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I'm on Ubuntu, and I want to install Boost. I tried with

sudo apt-get install boost

But there was no such package. What is the best way to install boost on Ubuntu?

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up vote 288 down vote accepted

You can use apt-get command (requires sudo)

sudo apt-get install libboost-all-dev

Or you can call

aptitude search boost

find packages you need and install them using the apt-get command.

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do you have any past experience with boost? – k53sc Sep 25 '12 at 9:09
I had programming experience with boost, but not installation experience. I have never tried this myself, so I can't say if it is easy to use (but it seems to me that package manager is the easiest way). I should have posted this suggestion as a comment, but I can't comment questions. – Anton Guryanov Sep 25 '12 at 9:13
its ok man.....i am trying what you provide any links that might be helpful. – k53sc Sep 25 '12 at 9:18
The one disadvantage of using apt-get is that it is usually a couple of version behind the latest boost release. – Ralf Sep 25 '12 at 11:23
It is easy to build and install Boost from the sources, for example – mraq Apr 29 '14 at 11:24

Installing Boost on Ubuntu with an example of using boost array:

Install libboost-all-dev and aptitude

sudo apt-get install libboost-all-dev

sudo apt-get install aptitude

aptitude search boost

Then paste this into a C++ file called main.cpp:

#include <iostream>
#include <boost/array.hpp>

using namespace std;
int main(){
  boost::array<int, 4> arr = {{1,2,3,4}};
  cout << "hi" << arr[0];
  return 0;

Compile like this:

g++ -o s main.cpp

Run it like this:


Program prints:

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There is an error in the line "boost::array<int, 4> arr = {{1,2,3,4}};", it should be "boost::array<int, 4> arr = {1,2,3,4};" – szulak Nov 1 '15 at 16:30

Get the version of Boost that you require. This is for 1.55 but feel free to change or manually download yourself:

wget -O boost_1_55_0.tar.gz
tar xzvf boost_1_55_0.tar.gz
cd boost_1_55_0/

Get the required libraries, main ones are icu for boost::regex support:

sudo apt-get update
sudo apt-get install build-essential g++ python-dev autotools-dev libicu-dev build-essential libbz2-dev libboost-all-dev

Boost's bootstrap setup:

./ --prefix=/usr/local
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What will be the difference if we use ./ --prefix=/usr/include ? I have the boost library in /usr/include. I was wondering that by doing this, can I replace my old installation ? – Sai Oct 30 '14 at 10:23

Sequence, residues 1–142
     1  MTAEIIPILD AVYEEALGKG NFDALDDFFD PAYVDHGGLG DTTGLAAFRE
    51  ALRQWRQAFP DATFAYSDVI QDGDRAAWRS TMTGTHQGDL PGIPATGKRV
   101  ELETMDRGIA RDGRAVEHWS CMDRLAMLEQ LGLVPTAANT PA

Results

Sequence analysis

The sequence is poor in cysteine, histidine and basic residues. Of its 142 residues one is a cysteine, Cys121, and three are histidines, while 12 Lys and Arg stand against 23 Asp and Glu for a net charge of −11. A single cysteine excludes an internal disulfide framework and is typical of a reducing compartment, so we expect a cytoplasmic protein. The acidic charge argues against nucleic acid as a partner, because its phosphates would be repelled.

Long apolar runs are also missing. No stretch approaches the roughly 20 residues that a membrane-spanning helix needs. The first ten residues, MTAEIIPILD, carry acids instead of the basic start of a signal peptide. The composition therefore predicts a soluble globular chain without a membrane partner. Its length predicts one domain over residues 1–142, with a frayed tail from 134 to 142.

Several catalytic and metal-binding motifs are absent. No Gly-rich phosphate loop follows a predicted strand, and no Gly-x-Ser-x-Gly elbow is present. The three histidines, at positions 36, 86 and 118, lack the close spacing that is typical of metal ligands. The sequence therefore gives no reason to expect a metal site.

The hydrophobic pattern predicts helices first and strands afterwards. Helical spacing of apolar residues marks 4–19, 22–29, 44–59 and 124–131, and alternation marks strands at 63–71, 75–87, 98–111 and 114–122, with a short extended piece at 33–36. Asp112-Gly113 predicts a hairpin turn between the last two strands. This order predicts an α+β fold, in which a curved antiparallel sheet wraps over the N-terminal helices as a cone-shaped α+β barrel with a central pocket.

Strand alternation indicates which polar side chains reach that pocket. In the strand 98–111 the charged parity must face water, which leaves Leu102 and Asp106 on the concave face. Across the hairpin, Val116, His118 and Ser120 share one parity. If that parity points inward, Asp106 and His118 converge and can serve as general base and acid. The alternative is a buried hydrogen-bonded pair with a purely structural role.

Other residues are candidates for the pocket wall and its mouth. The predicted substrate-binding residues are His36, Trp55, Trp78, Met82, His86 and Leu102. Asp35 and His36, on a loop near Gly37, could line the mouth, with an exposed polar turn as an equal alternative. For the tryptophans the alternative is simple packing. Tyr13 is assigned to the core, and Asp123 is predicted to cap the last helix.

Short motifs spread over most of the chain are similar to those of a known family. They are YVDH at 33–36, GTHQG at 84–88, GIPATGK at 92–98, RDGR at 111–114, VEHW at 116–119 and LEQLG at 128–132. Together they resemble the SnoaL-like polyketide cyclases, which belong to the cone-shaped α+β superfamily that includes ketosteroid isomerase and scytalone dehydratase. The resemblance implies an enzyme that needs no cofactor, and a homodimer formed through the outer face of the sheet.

what is libboost-all-dev ? why should I install boost before installing boost? – javapowered Apr 9 '15 at 5:34
also ./b2 install should be executed as final step – javapowered Apr 10 '15 at 17:55
Downvoted because the typical Ubuntu user should use apt or aptitude instead of manually installing. Let the package manager keep track of things. – tbc0 Oct 23 '15 at 21:27
@tbc0 Boost is at version 1.59 now, and the latest PPA is at 1.55, so building from source is relevant – TemplateRex Oct 25 '15 at 19:30

Actually you don`t need "install" or "compile" anything before using boost in your project. You can just download and extract the boost library to any location on your machine, which is usually like /usr/local/.

When you compile your code, you can just indicate the compiler where to find the libraries by -I. For example, g++ -I /usr/local/boost_1_59_0 xxx.hpp

Hope this helps.

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This would only work for header libraries of boost. The rest of them would need to be built or installed using a package manager as described in the above answers. The boost libraries that require separate building and installation are the following: atomic, chrono, container, context, coroutine, coroutine2, date_time, exception, filesystem, graph, graph_parallel, iostreams, locale, log, math, mpi, program_options, python, random, regex, serialization, signals, system, test, thread, timer, type_erasure, wave. – Elias Kouskoumvekakis Jan 8 at 15:03

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